Synthetic eco-evolutionary dynamics in simple molecular environment

  1. Luca Casiraghi
  2. Francesco Mambretti
  3. Anna Tovo
  4. Elvezia Maria Paraboschi
  5. Samir Suweis  Is a corresponding author
  6. Tommaso Bellini  Is a corresponding author
  1. Dipartimento di Biotecnologie Mediche e Medicina Traslazionale, Università degli Studi di Milano, Via Fratelli Cervi, Italy
  2. Dipartimento di Fisica e Astronomia, Università degli Studi di Padova, Italy
  3. Department of Biomedical Sciences, Humanitas University, Via Rita Levi Montalcini, Italy
  4. IRCCS, Humanitas Clinical and Research Center, Italy


The understanding of eco-evolutionary dynamics, and in particular the mechanism of coexistence of species, is still fragmentary and in need of test bench model systems. To this aim we developed a variant of SELEX in vitro selection to study the evolution of a population of ∼1015 single-strand DNA oligonucleotide ‘individuals’. We begin with a seed of random sequences which we select via affinity capture from ∼1012 DNA oligomers of fixed sequence (‘resources’) over which they compete. At each cycle (‘generation’), the ecosystem is replenished via PCR amplification of survivors. Massive parallel sequencing indicates that across generations the variety of sequences (‘species’) drastically decreases, while some of them become populous and dominate the ecosystem. The simplicity of our approach, in which survival is granted by hybridization, enables a quantitative investigation of fitness through a statistical analysis of binding energies. We find that the strength of individual resource binding dominates the selection in the first generations, while inter- and intra-individual interactions become important in later stages, in parallel with the emergence of prototypical forms of mutualism and parasitism.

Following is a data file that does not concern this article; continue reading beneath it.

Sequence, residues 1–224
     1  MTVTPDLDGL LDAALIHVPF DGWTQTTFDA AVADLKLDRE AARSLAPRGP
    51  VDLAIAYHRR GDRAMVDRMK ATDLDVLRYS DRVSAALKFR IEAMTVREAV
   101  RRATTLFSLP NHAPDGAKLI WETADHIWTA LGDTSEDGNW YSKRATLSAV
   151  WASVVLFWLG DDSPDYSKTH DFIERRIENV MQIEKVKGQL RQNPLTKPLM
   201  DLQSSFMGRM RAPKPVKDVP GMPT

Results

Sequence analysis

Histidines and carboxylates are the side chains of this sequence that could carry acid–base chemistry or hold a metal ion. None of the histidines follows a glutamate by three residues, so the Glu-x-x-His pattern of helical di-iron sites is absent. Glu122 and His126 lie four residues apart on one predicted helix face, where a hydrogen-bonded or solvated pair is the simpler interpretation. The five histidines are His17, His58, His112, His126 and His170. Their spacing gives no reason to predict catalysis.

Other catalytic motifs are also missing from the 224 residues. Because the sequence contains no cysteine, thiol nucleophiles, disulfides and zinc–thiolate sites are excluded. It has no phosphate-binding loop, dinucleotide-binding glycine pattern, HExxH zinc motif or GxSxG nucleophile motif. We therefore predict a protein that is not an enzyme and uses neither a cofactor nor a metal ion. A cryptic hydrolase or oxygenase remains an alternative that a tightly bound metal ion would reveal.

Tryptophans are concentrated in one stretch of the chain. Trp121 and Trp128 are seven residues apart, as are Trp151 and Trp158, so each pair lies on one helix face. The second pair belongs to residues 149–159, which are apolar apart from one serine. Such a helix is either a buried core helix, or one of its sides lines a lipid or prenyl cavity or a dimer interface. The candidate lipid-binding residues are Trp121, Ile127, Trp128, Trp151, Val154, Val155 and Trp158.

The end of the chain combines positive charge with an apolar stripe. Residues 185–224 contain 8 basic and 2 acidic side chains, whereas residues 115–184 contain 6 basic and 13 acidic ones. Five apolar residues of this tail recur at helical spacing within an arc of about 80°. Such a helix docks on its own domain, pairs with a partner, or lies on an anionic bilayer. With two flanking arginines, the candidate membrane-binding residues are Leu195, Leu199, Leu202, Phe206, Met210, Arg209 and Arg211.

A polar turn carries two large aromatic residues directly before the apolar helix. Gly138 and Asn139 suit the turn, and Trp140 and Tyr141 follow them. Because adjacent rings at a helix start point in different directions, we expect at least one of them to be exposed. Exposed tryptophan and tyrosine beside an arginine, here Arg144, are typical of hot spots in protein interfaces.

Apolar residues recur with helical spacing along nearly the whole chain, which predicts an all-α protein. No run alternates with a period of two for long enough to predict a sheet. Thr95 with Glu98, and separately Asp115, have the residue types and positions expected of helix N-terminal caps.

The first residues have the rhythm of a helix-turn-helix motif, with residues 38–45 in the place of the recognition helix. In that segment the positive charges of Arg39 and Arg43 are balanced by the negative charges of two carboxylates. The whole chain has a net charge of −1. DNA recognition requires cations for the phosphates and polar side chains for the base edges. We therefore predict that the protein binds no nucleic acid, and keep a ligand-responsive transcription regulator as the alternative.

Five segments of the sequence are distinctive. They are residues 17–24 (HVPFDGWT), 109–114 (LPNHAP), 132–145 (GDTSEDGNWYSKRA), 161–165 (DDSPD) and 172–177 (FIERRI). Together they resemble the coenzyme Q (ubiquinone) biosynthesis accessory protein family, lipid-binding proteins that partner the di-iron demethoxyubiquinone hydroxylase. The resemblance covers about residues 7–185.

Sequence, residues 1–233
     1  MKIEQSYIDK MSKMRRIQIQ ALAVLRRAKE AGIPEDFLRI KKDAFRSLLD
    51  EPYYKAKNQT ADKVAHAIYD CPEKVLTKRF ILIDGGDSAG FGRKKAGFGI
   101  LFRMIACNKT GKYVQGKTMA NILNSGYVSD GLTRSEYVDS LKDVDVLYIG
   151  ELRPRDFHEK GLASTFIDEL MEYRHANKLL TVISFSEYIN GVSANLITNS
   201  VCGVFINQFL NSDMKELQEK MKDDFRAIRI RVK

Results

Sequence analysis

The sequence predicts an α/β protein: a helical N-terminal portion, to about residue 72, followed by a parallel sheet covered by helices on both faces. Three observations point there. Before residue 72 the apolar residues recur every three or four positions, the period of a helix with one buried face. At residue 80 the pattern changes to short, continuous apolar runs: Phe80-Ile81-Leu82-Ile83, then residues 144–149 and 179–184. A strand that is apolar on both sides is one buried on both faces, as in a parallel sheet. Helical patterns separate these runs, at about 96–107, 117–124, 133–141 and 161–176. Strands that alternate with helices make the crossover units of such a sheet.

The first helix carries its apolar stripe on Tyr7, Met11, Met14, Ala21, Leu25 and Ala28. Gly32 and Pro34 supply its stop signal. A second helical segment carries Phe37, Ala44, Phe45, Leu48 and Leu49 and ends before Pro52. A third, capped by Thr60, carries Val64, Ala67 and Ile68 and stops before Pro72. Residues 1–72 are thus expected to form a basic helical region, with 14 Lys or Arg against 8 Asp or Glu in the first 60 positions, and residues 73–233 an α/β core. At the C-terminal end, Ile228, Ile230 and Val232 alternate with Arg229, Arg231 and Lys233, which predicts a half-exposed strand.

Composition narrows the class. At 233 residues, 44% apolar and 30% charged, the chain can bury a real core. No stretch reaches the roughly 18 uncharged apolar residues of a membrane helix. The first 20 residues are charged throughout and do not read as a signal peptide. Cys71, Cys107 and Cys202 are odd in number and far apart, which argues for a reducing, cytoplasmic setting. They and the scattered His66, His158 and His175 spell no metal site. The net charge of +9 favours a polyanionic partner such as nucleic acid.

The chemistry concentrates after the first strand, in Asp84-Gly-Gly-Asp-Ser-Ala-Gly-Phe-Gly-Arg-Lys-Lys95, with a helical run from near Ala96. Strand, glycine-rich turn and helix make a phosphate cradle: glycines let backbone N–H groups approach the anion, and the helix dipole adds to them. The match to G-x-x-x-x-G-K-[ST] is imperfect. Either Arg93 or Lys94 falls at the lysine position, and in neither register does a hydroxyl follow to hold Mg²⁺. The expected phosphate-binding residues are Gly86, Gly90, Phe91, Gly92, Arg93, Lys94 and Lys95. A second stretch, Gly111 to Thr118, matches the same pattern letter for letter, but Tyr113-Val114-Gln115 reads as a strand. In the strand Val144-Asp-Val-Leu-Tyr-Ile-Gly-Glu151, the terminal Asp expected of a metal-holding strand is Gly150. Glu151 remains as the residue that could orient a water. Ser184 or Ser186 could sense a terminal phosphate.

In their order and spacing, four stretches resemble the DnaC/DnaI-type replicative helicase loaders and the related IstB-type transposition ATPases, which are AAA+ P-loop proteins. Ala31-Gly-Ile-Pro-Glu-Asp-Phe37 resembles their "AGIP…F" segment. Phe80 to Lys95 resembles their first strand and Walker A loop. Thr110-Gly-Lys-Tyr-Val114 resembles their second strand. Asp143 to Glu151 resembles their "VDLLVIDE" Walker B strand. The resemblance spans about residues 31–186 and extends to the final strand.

eLife assessment

In this important study, the authors develop a promising experimental approach to a central question in ecology: What are the contributions of resource use and interactions in the shaping of an ecosystem? For this, they develop a synthetic ecosystem set-up, a variant of SELEX that allows very detailed control over ecological variables. The evidence is convincing, and the work should be of broad interest to the ecology community, leading to further quantitative studies.


A central effort in theoretical biology and ecology is to provide an effective description of the intimate, but often subtle, relationship between a given environment and the evolution of its ecosystem. In the case of simple environments without geographical isolation and physical barriers, as the one here considered, the emergence of species and phenotyping clustering (Davis and Mayr, 1943; Rundle and Nosil, 2005; Keymer et al., 2012; Gupta et al., 2021) is generally considered an outcome of the competition for the limited available resources (Dieckmann and Doebeli, 1999; Pigolotti et al., 2007; de Aguiar et al., 2009; Anceschi et al., 2019). The coexistence of stable species is ecologically understood in terms of ‘niches’, indicating the unique role and position that a particular species occupies within an ecosystem. According to the ‘niche hypothesis’ (Chase and Leibold, 2009; Peterson, 2011; Anceschi et al., 2019), biodiversity is limited by the number of ‘niches’ (or types of resources) that are present since no two species can occupy the same niche indefinitely, as one would eventually outcompete the other (Levin, 1970; Gupta et al., 2021).